“You are doing this for attention. I very much doubt that your friend is trying to call attention to herself by making herself known as “The Victim of Sexual Violence,” It’s not a title many people want.

“Move on. It happened so long ago.” A survivor would like nothing more than to be able to “move on.” That is not possible without processing the resulting feelings. To do so, she needs to talk. Please don’t silence her as she moves through the process. Perhaps you could tell her you are glad she is dealing with it now.

“He would never do that!” Rapists can be anyone. They can be the most popular boy in school, they can be a friend’s brother. It is doubtful that your friend is lying. A better thing to say would be, “There is no way you could have known he would do that.”

“But you went out on a date with him.” Date rape is very common. Going on a date does not make a person obligated to have sex.

“Why didn’t you scream or fight?” Rape is often seen as a life threatening experience. In life threatening instances, humans fight, freeze, or flee. Your friend may have frozen, which is a very common response. She may already be asking herself those questions. What she needs from you is reassurance that it is a totally normal reaction and does not excuse the rapist’s actions

And here are some more… We’re still your friends, family, wives, moms, students, husbands, teachers, doctors, brothers and loved ones. There’s no need to back off or be scared of us. For the most part these suggestions are pretty easy to avoid, as you will see in a minute. Please don’t…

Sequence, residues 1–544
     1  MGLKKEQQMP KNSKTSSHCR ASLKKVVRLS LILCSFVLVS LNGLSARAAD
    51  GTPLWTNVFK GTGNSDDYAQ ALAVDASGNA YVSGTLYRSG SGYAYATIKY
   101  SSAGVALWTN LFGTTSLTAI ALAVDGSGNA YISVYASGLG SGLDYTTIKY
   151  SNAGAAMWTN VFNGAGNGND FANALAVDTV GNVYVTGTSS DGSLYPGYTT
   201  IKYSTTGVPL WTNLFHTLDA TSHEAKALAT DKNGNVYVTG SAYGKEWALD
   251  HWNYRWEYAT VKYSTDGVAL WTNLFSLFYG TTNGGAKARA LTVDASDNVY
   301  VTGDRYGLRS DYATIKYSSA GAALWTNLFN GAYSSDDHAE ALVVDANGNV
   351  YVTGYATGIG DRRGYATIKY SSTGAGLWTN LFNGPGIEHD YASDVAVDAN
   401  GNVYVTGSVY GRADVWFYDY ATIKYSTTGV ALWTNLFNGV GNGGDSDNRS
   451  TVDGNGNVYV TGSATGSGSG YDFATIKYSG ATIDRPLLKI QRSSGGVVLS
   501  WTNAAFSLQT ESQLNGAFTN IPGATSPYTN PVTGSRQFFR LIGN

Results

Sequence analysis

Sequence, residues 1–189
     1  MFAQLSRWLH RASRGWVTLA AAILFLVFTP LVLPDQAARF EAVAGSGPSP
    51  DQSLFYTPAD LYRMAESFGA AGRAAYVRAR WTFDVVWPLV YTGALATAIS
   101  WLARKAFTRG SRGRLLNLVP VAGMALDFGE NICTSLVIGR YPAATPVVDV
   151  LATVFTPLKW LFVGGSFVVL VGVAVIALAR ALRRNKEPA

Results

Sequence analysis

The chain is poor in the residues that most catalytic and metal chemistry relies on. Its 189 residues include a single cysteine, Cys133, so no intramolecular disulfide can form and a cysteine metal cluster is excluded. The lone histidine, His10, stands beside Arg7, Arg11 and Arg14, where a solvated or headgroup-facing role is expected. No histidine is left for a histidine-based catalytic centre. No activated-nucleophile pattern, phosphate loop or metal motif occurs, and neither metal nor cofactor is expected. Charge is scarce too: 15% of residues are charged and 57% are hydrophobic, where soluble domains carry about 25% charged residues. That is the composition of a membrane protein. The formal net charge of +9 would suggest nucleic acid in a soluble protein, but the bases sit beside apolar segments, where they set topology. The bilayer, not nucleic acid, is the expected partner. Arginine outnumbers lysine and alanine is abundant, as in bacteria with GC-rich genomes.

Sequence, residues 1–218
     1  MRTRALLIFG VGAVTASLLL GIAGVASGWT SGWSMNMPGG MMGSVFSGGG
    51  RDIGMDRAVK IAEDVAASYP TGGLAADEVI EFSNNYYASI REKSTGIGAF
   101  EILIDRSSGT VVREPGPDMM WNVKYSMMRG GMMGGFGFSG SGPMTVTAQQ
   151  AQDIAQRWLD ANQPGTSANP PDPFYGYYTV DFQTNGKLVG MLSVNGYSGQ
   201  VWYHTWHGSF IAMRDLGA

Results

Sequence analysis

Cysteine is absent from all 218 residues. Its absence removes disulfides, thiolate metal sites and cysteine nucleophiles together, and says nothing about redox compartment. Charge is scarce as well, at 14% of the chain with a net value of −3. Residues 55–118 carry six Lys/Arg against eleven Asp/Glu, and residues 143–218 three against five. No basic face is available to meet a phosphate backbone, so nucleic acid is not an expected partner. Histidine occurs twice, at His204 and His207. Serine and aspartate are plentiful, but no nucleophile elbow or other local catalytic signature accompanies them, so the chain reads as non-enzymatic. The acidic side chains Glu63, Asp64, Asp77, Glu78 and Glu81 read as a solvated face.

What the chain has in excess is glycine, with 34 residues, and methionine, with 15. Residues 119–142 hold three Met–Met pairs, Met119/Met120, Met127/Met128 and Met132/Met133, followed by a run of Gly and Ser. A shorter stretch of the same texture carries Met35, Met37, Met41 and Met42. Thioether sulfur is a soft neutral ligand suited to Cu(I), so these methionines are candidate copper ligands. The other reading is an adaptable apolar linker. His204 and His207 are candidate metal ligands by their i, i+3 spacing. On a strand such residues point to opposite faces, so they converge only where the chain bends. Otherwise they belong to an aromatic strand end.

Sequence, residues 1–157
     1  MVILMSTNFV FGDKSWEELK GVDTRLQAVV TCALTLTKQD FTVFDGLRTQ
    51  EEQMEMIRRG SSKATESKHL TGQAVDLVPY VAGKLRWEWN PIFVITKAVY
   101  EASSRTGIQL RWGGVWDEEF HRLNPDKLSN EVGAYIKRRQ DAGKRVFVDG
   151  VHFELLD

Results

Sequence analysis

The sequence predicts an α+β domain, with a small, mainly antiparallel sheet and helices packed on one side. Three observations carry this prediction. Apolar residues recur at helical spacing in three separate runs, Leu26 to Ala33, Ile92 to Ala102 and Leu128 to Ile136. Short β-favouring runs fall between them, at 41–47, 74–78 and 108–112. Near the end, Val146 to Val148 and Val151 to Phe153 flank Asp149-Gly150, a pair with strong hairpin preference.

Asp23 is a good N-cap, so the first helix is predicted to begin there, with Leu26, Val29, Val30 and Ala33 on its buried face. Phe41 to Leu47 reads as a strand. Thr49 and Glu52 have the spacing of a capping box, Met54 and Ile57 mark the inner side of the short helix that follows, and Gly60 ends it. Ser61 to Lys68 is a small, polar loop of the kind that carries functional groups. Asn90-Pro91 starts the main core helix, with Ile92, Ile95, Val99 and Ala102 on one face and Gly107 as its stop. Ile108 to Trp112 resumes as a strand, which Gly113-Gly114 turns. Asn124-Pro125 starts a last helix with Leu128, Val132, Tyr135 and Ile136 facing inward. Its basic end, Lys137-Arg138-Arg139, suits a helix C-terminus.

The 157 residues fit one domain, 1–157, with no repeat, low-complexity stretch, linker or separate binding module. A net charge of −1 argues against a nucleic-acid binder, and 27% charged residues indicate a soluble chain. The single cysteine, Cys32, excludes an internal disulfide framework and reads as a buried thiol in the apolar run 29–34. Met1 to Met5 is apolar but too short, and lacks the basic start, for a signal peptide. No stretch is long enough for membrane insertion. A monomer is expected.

1. Ask if we liked it. No one likes being physically overpowered.
  2. Tell us “it’s just sex”. Rape is a crime of power, control, and extreme violence where sex is used as a weapon against someone weaker. It is not sex.
  3. Tell us how we could have avoided it. Believe me, if we could have prevented it we would have.
  4. Make fun of us. We have faced an attacker who sometimes is willing to kill and have survived. What’s there to make fun of?
  5. Tell us it would never happen to you and why. We didn’t think we would become statistics either.
  6. There’s no need to avoid us. We’re still the same person you’ve come to care about or learned to care about. We’ve just been unspeakably hurt. We’re not contagious.
  7. Please don’t treat us like we have the plague. Chances are we don’t. Do you?